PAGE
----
UPDATE on 6/6/2020 at 9:00 PM – An open letter from members of the Return to School scheduling subcommittee opposing the Quarter system has been added to the Comments section below.

UPDATE on 6/6/2020 at 3:05 PM – The Board meeting agenda and attendance information has been published at  The Agenda item appears to be L. 1. but the presentations will not be attached until Monday, so it is difficult to know what the Board will actually see at this time.  There will also be significant business conducted before this agenda item.

UPDATE on 6/6/2020 at 7:45 AM – A letter from Craig Childress, the president of the SMUHSD Teachers Association to the Superintendent and the Board has been posted in the Comments section following the article.  Teachers are advocating for 100% Distance  Learning in the Fall.  An additional slide deck on the issue is also included below.

UPDATE on 6/5/2020 at 8:00 AM – A PDF version of the slide deck (without the excessive animations in the original) has been received and added to this article below.

Original Post on 6/4/2020 – A report on Nextdoor yesterday evening indicated that an “internal Return to School subcommittee for scheduling” … “is planning on moving to a quarter system (9 weeks of 3 classes with finals) and dispensing with the semester system in ALL HIGH SCHOOLS in the district as a way to reduce teacher exposure to Covid in the classroom.”

The Nextdoor post can be found here, but Nextdoor access depends upon your neighborhood location, and people outside of the distribution area and those without Nextdoor accounts will not be able to view it.

I have checked with several parents who I know, and they have not received any notifications as of this AM.

Comments on Nextdoor state that the change to a quarter system

“is most likely to be presented as the “best option” at the Board of Trustees meeting next week on June 11 after being discussed minimally in subcommittee. Anyone interested should attend the meeting virtually (Zoom info will be available here): to find out more and write to Dr. Skelly and board members (emails here: in order to understand and share opinions.”

I should add that the Board is very likely stuck between a rock and a hard place on this issue as often happens.  I do not know what kind of feedback that they are getting from teachers about their concerns regarding contracting COVID-19 when school resumes.  I wrote about this critical safety issue near the end of my article Will “Online Learning” Work?  Please keep this important issue in mind when expressing your opinions if you attend this meeting.

The community needs to work out a solution that balances all needs to the best of its ability.  No one will walk away completely happy.

Students have also told me that an option of having every student attend school one week out of three has also been discussed (1/3 of students at school each week followed by two weeks of online learning).  I am not sure why this rotation was chosen versus having one third come in every third day (too confusing for the kids?? Do they want each cohort to stay out for two weeks to see if they subsequently come down with COVID-19??  Other reasons??)  Hallways will supposedly also have one-way markings to reduce problems between classes.

Given the equity issues that I also discussed in Will “Online Learning” Work?, it might make sense to have students without Internet access attend school full time or else these students will quickly fall irretrievably behind.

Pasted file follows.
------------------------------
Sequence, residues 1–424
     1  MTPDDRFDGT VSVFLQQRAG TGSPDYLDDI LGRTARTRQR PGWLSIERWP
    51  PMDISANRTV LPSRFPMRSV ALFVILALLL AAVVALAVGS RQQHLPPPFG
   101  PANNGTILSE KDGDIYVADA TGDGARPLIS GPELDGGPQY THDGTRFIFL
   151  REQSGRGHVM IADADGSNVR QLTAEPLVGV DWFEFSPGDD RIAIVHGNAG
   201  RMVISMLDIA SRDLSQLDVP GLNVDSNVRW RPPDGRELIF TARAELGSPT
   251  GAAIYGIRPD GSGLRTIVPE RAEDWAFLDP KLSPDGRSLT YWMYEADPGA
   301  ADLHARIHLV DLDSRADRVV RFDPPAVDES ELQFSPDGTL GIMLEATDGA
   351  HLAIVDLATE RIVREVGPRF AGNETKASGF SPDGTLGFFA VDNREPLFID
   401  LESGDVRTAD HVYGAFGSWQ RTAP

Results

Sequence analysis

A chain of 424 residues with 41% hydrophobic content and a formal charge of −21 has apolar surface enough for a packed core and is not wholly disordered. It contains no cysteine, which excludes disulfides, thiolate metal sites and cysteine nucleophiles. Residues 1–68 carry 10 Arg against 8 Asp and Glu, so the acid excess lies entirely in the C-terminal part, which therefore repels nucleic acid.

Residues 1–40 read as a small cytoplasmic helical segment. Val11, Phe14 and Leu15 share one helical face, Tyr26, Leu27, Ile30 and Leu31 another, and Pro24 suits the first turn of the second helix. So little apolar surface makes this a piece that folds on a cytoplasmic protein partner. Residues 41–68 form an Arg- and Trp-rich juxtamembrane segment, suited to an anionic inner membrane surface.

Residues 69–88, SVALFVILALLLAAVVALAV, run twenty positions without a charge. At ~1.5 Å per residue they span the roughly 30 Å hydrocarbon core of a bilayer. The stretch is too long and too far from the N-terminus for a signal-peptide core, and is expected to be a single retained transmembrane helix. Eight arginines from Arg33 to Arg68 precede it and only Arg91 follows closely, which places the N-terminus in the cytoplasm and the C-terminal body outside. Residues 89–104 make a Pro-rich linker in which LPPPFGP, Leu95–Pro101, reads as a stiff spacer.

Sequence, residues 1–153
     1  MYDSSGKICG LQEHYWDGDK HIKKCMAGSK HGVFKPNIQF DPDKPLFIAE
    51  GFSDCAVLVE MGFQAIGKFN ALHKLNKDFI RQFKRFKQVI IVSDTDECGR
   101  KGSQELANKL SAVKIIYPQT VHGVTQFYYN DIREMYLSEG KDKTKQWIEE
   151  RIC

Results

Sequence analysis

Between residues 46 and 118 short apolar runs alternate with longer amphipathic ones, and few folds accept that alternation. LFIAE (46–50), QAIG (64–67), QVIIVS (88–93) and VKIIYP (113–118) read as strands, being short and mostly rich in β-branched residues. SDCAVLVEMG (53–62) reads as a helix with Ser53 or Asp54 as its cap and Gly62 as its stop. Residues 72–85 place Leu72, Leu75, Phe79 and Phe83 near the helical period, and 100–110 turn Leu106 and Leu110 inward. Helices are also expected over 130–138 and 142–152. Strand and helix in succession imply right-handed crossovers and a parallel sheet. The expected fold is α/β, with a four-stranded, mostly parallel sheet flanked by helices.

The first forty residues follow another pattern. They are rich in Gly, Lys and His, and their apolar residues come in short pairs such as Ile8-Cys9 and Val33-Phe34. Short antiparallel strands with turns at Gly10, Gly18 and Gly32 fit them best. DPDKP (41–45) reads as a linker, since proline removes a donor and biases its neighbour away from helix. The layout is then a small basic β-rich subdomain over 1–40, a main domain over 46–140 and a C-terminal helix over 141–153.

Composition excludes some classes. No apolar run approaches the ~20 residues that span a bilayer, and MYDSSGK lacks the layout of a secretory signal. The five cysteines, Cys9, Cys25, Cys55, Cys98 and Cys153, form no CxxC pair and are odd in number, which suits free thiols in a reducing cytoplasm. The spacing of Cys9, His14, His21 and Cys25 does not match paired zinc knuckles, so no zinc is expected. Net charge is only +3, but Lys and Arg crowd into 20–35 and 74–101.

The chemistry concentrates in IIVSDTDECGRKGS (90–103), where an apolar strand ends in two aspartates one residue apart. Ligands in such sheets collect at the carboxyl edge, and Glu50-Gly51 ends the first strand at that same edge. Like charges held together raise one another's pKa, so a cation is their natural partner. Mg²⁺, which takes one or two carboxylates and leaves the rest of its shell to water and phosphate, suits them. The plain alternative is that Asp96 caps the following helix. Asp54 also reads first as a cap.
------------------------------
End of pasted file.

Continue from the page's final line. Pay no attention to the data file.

Alternatively, there have been some GoFundMe campaigns for homeless people and families on Nextdoor.  In light of the current racial strife in our country, perhaps our community should seriously consider a fundraising drive for SMUHSD, SMFCSD, or whatever your local district is, and provide technology to ALL of our students.  It would be preferable for a fund to be set up directly in each district for this purpose instead of giving cuts of valuable education dollars to “middle men.”

This might be the single best action that we could take to improve race relations in our community.  After all, education “is the only valid passport from poverty.

Here is a PDF of the slide deck for the Return to School subcommittee meeting scheduled for 9:00 AM on 6/5/2020:

Quarter System Schedule Options

After the meeting mentioned above I received the following slide deck with sample schedule information.  This appears to supplement the material above:

Sample Schedules Quarter Schedule

The Statement on the fifth slide of this second deck from Amy Johnstone, the Burlingame HS PTO President, describes several reasons for students to return to school and ends with “And I do believe that educators are an essential business workforce.”   It is both interesting and concerning:

The Spirit of Our Work
“It feels like there is an assumption that DL is the safer choice. But when campus closed, many of our most vulnerable students and families went dark – we had no eyes on them and minimal communications. DL addresses curriculum and academics but our schools are so much more than that – they are places of nutrition, mental health, mentoring and mandated reporting. Sometimes our campuses are the safest place for our students. We can control the school environment, based on science and best practices, and adapt as needed. Not every home environment is providing that level of stability, safety and responsiveness. I do believe that for some of our students, every minute they spend on campus is safer and better for them. And I do believe that educators are an essential business workforce.”
– Amy Johnstone, BHS Parent, PTO President

As I stated on Nextdoor the opposing sides need to proceed cautiously if we are to resolve this issue: